The debate over the use of vacant land in rapidly gentrifying Point Breeze has risen a notch, as market-rate developers have filed a court challenge to an affordable housing project that is proposing a surface parking lot on its site.
On Aug. 17, the 2010 Wharton Place Owners' Association and 2012 Wharton LLC filed a formal appeal in Common Pleas Court against the city Zoning Board of Adjustment for giving approval to the Women's Community Revitalization Project to build 33 affordable housing units with several parking spaces at the corner of Capitol and Reed Streets.
"They have much more land than they need … and they are just turning that into a parking lot," Ori Feibush, developer of the 2010 Wharton Street townhouse project, said Thursday. "It's profoundly frustrating. It kills the walkability of those blocks."
The zoning board approved the construction of 20 multifamily housing units and a parking lot with 11 spaces on the 1300 block of Capitol and 2000 block of Reed. In addition, the board also approved 10 housing units (a mix of apartments and townhomes) and two parking spaces on the 1400 block of South Taylor Street. Both sites will be part of the nonprofit developer's Mamie Nichols Townhomes, which will consist of 33 affordable rental apartments and townhomes; 11 will be reserved for veterans. (The other three housing units did not need zoning variance.)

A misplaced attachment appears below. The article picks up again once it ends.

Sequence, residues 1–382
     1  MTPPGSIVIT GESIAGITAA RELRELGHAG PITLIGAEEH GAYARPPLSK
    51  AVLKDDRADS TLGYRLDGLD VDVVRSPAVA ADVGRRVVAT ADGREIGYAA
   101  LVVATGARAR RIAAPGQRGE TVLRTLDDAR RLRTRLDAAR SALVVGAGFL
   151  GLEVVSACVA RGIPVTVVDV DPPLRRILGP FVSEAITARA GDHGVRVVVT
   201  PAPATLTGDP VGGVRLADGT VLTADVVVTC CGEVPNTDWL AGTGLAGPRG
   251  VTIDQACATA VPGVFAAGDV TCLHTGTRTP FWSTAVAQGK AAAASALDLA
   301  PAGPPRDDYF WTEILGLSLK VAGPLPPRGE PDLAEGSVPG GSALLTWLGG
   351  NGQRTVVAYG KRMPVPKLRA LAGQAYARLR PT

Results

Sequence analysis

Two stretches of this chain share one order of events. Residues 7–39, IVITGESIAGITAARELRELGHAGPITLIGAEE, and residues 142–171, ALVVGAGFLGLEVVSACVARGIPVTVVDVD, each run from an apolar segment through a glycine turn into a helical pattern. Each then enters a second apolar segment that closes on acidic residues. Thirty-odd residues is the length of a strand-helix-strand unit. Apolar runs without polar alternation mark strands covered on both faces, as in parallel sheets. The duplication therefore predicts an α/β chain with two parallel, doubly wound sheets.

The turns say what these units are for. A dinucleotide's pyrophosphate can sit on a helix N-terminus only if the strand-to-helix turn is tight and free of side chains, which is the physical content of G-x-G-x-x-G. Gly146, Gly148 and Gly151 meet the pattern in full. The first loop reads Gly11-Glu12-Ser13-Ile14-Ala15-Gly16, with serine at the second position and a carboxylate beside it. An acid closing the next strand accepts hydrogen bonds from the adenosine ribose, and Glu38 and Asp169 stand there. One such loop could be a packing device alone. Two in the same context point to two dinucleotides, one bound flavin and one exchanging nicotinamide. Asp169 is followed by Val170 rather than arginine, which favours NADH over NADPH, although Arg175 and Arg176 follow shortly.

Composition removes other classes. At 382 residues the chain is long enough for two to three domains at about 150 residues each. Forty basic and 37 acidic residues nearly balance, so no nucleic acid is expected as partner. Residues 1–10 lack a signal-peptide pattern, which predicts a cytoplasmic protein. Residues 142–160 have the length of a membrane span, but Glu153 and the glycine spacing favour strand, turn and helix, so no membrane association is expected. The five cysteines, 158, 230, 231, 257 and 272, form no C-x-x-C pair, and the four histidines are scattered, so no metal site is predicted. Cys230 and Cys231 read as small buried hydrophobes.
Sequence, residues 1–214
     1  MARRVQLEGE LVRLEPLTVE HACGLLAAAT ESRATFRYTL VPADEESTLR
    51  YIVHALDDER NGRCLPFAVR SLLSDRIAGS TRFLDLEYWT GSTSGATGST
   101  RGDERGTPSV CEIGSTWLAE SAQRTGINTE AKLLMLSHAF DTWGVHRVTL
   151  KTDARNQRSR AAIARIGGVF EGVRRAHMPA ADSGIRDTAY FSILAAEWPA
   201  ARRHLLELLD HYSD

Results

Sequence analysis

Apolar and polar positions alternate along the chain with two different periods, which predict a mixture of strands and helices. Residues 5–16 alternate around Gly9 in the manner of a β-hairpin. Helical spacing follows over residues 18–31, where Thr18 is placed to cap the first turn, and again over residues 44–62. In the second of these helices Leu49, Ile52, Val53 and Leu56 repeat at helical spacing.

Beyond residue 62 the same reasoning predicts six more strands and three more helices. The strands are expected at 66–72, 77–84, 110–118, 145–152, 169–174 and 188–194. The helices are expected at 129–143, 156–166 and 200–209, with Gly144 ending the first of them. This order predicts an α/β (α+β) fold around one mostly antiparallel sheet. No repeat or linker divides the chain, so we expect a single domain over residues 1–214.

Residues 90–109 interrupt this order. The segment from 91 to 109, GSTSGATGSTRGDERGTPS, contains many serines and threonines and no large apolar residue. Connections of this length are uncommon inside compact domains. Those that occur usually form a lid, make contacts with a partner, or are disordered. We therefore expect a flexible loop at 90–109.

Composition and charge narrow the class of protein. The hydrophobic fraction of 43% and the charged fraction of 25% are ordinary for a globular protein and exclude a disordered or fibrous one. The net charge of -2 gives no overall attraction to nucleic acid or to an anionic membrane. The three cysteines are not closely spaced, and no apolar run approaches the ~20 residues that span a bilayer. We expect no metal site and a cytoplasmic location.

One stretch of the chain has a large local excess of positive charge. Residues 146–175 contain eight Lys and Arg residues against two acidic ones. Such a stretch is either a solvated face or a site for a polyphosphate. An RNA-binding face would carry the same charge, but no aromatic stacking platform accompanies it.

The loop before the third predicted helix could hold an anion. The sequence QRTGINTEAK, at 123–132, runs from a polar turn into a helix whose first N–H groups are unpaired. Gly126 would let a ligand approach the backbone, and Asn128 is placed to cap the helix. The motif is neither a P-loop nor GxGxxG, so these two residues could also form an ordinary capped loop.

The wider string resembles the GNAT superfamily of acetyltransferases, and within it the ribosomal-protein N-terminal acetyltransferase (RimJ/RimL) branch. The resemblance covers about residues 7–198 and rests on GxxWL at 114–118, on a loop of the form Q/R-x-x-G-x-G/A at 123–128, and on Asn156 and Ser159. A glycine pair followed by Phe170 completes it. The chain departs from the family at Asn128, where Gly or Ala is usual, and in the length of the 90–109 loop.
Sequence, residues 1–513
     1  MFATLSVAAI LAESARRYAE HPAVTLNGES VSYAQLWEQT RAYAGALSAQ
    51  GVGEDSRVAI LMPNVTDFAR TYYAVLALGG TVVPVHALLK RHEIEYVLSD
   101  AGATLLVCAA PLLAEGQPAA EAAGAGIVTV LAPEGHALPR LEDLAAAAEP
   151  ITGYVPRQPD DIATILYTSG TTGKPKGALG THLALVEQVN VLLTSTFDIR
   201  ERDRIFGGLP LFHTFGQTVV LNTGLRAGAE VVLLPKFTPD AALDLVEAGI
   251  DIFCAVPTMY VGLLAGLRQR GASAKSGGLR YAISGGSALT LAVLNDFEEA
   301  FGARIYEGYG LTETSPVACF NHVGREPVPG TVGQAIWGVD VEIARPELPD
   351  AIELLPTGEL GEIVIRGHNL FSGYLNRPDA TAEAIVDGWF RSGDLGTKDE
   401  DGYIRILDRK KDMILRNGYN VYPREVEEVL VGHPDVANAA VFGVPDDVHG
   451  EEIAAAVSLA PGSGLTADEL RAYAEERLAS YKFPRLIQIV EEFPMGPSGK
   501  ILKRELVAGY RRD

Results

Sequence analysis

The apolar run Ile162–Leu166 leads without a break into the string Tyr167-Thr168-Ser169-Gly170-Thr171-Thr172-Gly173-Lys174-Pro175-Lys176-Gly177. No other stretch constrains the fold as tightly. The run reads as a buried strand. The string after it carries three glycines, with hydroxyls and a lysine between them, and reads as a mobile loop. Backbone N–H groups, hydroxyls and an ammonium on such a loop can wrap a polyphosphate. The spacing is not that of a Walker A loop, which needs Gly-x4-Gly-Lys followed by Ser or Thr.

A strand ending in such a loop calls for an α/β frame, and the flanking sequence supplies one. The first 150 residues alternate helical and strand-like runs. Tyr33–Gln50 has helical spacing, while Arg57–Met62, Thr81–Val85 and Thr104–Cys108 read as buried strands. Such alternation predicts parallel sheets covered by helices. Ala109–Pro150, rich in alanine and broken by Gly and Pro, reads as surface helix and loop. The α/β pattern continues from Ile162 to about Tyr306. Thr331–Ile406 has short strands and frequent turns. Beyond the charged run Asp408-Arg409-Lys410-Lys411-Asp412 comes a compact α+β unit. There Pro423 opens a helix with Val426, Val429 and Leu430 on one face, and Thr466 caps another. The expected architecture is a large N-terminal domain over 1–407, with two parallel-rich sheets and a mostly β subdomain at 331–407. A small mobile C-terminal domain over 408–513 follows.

Nora Lichtash, executive director of the Women's Community Revitalization Project, did not return calls seeking comment. Since January 2016, the Redevelopment Authority has reserved the highly sought-after land for WCRP. The city has also reserved the lots on the 1400 block of South Taylor for the project while the group seeks the $12 million financing it needs to build.
Both city and Redevelopment Authority officials have said that reserving land in rapidly gentrifying areas such as Point Breeze is crucial to maintaining affordability in the city.
Feibush had expressed interest in the Capitol and Reed lots — which the city has valued at $600,000 and which will eventually be transferred to the nonprofit developer for $100 or less. He previously said he would pay $3 million for those lots.
On Thursday, Feibush said he has "zero percent chance" of getting the property. His fight now, he says, is about the walkability of the neighborhood and creating more affordable housing.
"We want affordable housing on this block, but we want the parking to go away. We want them to build more units," Feibush said. "My focus now is to get the most walkable affordable housing project … with the least amount of interruption in the area."
The Redevelopment Authority, which owns the land on the 1300 block of Capitol and 2000 block of Reed Street, declined to comment on the appeal.
WCRP is applying for low income housing tax credits (LIHTC), an extremely competitive process that selects one in every four affordable housing projects that apply for funding each year. Having zoning approval is one of the criteria for the tax credit application. So, a zoning fight could potentially impact the tax credit awards.
Holly Glauser, who oversees the LIHTC program at the Pennsylvania Housing Finance Agency, said the state has awarded tax credits to projects that didn't have the proper zoning at the time of application. However, once a project is awarded tax credits, it must be finished within two years.